The classic coach principle that all starting jobs are up for grabs in the preseason has almost become an ironic piece of sports lingo. But it’s something Chiefs cornerbacks have been taking very seriously.
Corner hasn’t exactly been the most steady position group for the Chiefs in recent years. With their first preseason game of the season looming, defensive coordinator Steve Spagnuolo is still trying to piece together what player suits which scheme.
“I’ll be honest with you, I’m really trying to find out what we have at corner, insofar as what we can do. It will probably dictate what we play coverage-wise,” Spagnuolo said. “We’ve thrown a lot at them so we have a plethora of different coverages. Once we get a feel for what they can and can’t do, we’ll cut them down and settle in.”
Returning is Kendall Fuller, as well as Charvarius Ward, who made a name for himself in the postseason last year when thrust into the spotlight.
Otherwise, from new coaches Dave Merritt and Sam Madison to current starter Bashaud Breeland, it’s a lot of fresh faces in the defensive backs’ room.
“We all are just going out there and competing and the best man wins the job,” Breeland said last Wednesday. “As for everybody, not just speaking for myself, we want the best guys to help this team win and to get us where we need to be.”
Though traditionally regarded as a subpackage role, the Chiefs intend to use first stringer Kendall Fuller more in the nickel corner spot this season.
Fuller, however, isn’t too keen on labeling himself.
“When I went to Virginia Tech, our DB Coach, he always preached to us on learning how to be a DB, not just learning how to play one position. I think that’s one thing that in this system the nickel does,” Fuller said. “You have to do a lot of different things. They ask you to do a lot of different things. Some people would say that you’re just playing one position, but the way you’re playing it is almost as if you’re playing corner, nickel, safety and all of that. It’s been fun.”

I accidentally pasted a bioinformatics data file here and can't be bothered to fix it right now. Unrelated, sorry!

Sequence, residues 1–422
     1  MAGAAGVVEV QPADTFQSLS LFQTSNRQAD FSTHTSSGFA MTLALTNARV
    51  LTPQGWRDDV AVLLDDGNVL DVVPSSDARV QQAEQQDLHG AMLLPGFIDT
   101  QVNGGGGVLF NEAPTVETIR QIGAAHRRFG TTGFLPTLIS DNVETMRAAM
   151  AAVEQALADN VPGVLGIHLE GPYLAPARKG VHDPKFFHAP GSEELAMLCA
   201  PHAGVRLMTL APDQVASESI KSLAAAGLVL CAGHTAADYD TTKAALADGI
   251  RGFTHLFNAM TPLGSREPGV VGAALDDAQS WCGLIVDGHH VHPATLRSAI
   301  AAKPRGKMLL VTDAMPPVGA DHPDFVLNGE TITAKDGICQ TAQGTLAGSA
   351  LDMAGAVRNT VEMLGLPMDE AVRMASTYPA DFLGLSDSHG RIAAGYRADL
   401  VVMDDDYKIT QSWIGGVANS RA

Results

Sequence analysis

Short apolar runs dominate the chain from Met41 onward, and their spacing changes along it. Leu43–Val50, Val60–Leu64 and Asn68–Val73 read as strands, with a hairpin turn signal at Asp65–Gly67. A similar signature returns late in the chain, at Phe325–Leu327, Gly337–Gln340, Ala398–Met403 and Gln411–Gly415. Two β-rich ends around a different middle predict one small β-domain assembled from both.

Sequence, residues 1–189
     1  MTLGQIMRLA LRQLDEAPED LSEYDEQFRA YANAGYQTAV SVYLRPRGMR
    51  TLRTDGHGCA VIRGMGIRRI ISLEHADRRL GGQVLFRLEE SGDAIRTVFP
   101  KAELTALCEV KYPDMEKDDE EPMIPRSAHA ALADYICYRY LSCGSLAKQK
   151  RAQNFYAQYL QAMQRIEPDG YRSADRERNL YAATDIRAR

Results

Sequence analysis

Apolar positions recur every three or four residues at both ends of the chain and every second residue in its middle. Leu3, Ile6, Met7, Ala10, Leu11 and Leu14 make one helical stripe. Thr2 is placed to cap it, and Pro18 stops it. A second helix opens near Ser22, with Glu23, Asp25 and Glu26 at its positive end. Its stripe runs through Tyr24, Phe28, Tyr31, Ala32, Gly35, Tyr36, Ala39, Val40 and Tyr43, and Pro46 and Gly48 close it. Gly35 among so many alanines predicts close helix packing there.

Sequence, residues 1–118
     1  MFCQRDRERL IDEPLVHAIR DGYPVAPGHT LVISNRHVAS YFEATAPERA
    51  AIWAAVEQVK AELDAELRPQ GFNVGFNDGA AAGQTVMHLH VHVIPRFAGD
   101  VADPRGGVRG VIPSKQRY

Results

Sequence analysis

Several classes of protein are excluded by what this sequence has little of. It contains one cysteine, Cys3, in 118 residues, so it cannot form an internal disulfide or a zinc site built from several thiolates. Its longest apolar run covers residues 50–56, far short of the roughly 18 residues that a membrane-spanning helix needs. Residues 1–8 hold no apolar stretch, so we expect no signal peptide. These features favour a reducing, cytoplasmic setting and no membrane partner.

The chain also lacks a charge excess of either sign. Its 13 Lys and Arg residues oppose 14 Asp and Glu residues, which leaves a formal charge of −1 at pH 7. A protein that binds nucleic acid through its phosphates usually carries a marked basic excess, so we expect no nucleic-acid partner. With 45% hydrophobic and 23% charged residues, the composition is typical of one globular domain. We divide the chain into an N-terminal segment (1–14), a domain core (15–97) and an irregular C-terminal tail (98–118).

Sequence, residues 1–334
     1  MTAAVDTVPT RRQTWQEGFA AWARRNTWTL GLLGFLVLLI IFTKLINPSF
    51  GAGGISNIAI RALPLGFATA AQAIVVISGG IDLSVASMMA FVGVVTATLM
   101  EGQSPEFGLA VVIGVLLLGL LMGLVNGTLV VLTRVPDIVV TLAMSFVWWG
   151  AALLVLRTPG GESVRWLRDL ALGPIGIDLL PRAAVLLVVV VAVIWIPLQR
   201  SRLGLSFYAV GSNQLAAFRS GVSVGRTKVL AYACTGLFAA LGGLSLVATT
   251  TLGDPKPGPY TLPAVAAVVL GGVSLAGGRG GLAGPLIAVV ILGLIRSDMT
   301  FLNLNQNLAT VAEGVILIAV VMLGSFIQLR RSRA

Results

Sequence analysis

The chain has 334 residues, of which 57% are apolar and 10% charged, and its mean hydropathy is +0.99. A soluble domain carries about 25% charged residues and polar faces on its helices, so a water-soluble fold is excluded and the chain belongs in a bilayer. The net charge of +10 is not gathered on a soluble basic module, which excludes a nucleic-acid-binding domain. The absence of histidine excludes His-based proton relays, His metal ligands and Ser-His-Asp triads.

Back in 2017 with the Redskins was the last time Fuller primarily covered the slot, a position that requires a versatile skill set.
“Just going out there and just knowing the task at hand playing inside — just the different types of guys you have to guard, the responsibilities that you have in there,” Fuller said. “Really, I’m just focusing in on that and just locking in on it, then just really trying to learn the ins and outs of the defense.”
When the Chiefs’ first unofficial depth chart was released, the cornerback position saw few surprises with Breeland and Fuller listed as starters. But in the modern NFL of spread offenses and high-octane passing attacks, you need more than a pair of corners. Ward, Michael Hunter and D’Montre Wade comprise the second string, offering different athletic profiles and skill sets.
When Breeland went down following a collision in practice last week, Wade was the man chosen to fill in, and Breeland had nothing but good things to say about his replacement.
“He’s a starter as well as I’m a starter, and when his name is called he’s always ready,” Breeland said. “He’s focused, and he’s ready to help this team in any shape or form that he can.”
Additionally, Spagnuolo made complimentary comments towards rookie Mark Fields out of Clemson.